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Release: Sept. 20, 2001

NOTE TO EDITORS: This release was prepared by the Iowa Department of Public Health. To contact the IDPH, call Tom Carney at (515) 281-7174.

Iowa expands newborn screening

IOWA CITY, Iowa -- Chris and Alicia Zwirlein of Waterloo were thrilled last November with the birth of their first child, Zachariah. They had contrary emotions when they learned through newborn screening results and confirmatory testing that Zachariah has a rare genetic disorder called MCAD deficiency.

Nonetheless, the screening may have saved Zachariah's life, and the Zwirleins are grateful for the counseling, education and successful treatment Zachariah subsequently received through the Iowa Metabolic Genetics Clinic at the University of Iowa.

MCADD, or medium chain acyl-CoA dehydrogenase deficiency, prevents newborns who have used up their sugar reserves from completely breaking down fats to derive energy from them. This places newborns at risk for hypoglycemia, which can cause lethargy, seizures and even brain damage and death.

The Iowa Neonatal Metabolic Screening Program detected Zachariah's problem during a pilot newborn-screening study to detect MCADD. During pilot studies, consultants follow up on any unusual results and do confirmatory testing if necessary.

The Iowa State Board of Health last week approved the addition of MCADD to the disorders routinely screened by the program. Iowa screens all newborns for about a half dozen other disorders, as well, as mandated over a decade ago by the Iowa Legislature. The screening is done in the Des Moines laboratory of the University Hygienic Laboratory. The Hemoglobinopathy Screening and Comprehensive Care Program, the Metabolic Management Clinic and the Endocrine Clinic of the Department of Pediatrics at University of Iowa Hospitals and Clinics provide follow-up and education. The Iowa Department of Public Health oversees the program.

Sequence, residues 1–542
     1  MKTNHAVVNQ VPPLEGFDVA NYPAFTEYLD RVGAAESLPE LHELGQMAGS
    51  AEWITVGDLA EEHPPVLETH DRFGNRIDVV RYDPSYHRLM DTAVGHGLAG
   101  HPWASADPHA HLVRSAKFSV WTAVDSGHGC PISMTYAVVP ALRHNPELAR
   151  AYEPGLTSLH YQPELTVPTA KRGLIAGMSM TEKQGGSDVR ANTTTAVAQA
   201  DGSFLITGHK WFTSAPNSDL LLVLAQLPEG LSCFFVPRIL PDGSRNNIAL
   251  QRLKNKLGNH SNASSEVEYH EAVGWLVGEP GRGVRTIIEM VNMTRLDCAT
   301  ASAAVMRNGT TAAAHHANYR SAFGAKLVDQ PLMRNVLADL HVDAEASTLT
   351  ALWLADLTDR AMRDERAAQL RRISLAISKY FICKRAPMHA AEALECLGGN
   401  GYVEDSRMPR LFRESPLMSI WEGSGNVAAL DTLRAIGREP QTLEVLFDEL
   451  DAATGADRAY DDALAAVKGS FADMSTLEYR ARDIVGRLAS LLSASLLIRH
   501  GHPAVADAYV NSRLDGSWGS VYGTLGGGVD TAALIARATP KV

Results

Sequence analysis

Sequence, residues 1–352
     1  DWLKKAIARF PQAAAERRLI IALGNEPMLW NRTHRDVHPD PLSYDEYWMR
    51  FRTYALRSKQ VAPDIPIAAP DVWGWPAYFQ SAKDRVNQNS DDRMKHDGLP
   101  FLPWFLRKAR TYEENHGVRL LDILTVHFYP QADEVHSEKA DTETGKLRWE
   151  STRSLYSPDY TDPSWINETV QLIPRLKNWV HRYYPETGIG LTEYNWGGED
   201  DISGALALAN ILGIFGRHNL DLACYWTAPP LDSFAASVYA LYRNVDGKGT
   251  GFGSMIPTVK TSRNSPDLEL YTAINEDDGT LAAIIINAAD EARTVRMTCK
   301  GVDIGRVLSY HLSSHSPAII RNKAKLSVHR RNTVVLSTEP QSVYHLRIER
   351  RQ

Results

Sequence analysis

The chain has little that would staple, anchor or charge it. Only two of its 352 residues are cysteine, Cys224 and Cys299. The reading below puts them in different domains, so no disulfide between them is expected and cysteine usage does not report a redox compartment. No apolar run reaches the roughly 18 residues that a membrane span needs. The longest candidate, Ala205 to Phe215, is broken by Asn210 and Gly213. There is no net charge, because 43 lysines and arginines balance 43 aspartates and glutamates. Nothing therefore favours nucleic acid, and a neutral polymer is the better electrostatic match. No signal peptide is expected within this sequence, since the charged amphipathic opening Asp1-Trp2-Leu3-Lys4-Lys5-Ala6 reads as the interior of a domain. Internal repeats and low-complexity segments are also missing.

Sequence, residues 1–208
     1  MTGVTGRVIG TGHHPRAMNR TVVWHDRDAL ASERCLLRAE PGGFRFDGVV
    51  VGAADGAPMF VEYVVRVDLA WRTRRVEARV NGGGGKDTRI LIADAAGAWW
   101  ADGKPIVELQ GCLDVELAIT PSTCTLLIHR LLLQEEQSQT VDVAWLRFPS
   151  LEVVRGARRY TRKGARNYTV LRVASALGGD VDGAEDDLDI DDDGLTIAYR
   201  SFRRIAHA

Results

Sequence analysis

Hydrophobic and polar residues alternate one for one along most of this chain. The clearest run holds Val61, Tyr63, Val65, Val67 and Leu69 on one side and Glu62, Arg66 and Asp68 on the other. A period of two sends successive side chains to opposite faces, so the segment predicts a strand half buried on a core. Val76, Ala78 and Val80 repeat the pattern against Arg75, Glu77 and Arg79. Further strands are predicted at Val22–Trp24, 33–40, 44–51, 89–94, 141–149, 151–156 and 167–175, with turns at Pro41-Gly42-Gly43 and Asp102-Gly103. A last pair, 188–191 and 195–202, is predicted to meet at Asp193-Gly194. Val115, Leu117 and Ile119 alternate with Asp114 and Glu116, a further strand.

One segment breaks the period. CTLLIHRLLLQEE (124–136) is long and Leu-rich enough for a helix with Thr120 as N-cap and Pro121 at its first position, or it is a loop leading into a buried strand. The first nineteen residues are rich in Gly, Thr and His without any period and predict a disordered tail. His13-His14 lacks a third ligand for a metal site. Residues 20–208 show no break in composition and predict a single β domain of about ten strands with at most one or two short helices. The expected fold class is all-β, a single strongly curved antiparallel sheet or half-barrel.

Also last week, the Iowa Department of Public Health approved a pilot study to use tandem mass spectrometry to expand the number of disorders screened. That technology, used to screen for MCADD, can potentially screen for up to 30 inheritable metabolic disorders. Iowa is one of the first five states to acquire it.

"These disorders may be rare," said state health department director Stephen Gleason, D.O., "but they can devastate the families involved. I'm proud that Iowa is showing its leadership by using its world-class scientists and premier facilities and institutions to screen all Iowa newborns."

Among those world-class scientists on the university's genetics team are Val Sheffield, Ph.D., M.D., professor and director of the genetics division in the UI department of pediatrics. Mary J.R. Gilchrist, Ph.D., director of the University Hygienic Laboratory, is president of the Association of Public Health Laboratories.

Zachariah, meanwhile, is on a special low-fat, high-carbohydrate diet as well as medication, and his prognosis is good.

"He's doing great," said his mother, Alicia.

University of Iowa Health Care describes the partnership between the UI College of Medicine and the UI Hospitals and Clinics and the patient care, medical education and research programs and services they provide.